Impacts by crop


Posted by : Gordon Rogers | Category : Impacts by crop | Comments : 0 Comments


Cauliflower has tended to decline as a major vegetable crop, with a total production value of $49.8 million in 2009. Annual production is now estimated at 75kt/year. It is a cool season crop grown mainly in Victoria and Queensland, with smaller amounts grown in other states.

The optimal range for cauliflower growth is 15-18C, under which conditions yields may be 23-30 t/ha. Although cold temperatures, even down to zero, can reduce yield by around 15%, many cauliflowers have excellent cold tolerance, allowing them to be grown over winter for spring harvest. High temperatures are more of a problem, as 32C and above can cause bolting, yellowing of the curd and uneven floret development.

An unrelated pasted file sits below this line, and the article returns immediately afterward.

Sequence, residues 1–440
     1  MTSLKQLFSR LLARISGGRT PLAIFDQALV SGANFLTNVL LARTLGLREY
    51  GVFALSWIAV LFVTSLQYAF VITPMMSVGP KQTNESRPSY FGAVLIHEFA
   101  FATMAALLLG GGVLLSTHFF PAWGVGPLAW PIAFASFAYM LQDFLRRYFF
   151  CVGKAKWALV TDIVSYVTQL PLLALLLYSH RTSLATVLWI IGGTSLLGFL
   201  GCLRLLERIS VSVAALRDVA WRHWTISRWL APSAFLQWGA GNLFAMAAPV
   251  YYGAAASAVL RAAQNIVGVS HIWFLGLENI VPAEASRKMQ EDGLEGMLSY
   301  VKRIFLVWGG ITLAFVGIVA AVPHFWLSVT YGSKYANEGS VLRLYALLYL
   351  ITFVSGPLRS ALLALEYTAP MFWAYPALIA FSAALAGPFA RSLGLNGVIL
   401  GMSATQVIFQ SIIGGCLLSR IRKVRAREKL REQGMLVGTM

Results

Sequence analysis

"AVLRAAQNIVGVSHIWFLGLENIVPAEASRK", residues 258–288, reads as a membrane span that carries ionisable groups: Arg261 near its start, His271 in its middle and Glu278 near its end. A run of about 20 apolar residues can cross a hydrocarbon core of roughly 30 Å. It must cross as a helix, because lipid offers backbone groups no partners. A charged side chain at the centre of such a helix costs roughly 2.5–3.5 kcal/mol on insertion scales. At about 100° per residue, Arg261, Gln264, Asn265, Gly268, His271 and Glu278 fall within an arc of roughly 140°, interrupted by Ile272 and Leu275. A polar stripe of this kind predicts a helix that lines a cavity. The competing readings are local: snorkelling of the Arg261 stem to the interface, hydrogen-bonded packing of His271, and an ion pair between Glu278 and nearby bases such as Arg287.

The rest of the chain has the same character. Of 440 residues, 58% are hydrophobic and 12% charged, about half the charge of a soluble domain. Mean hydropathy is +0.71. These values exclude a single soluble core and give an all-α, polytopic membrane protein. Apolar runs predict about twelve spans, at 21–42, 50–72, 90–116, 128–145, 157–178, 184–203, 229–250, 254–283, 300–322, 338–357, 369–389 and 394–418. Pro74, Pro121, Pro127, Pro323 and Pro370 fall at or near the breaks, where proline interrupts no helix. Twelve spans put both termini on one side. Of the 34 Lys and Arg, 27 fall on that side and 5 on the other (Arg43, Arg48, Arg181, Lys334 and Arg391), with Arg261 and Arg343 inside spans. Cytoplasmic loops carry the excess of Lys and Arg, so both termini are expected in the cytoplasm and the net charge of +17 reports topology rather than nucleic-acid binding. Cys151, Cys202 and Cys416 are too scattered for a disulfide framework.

Tropical and sub-tropical genetics is available from india for early-maturing cauliflowers which can produce heads in 56-63 days. These varieties are already used by commercial seed companies in Asia, such as EastWest seeds.

Long-day overwintering types have been developed for Northern Europe and could be grown in some areas.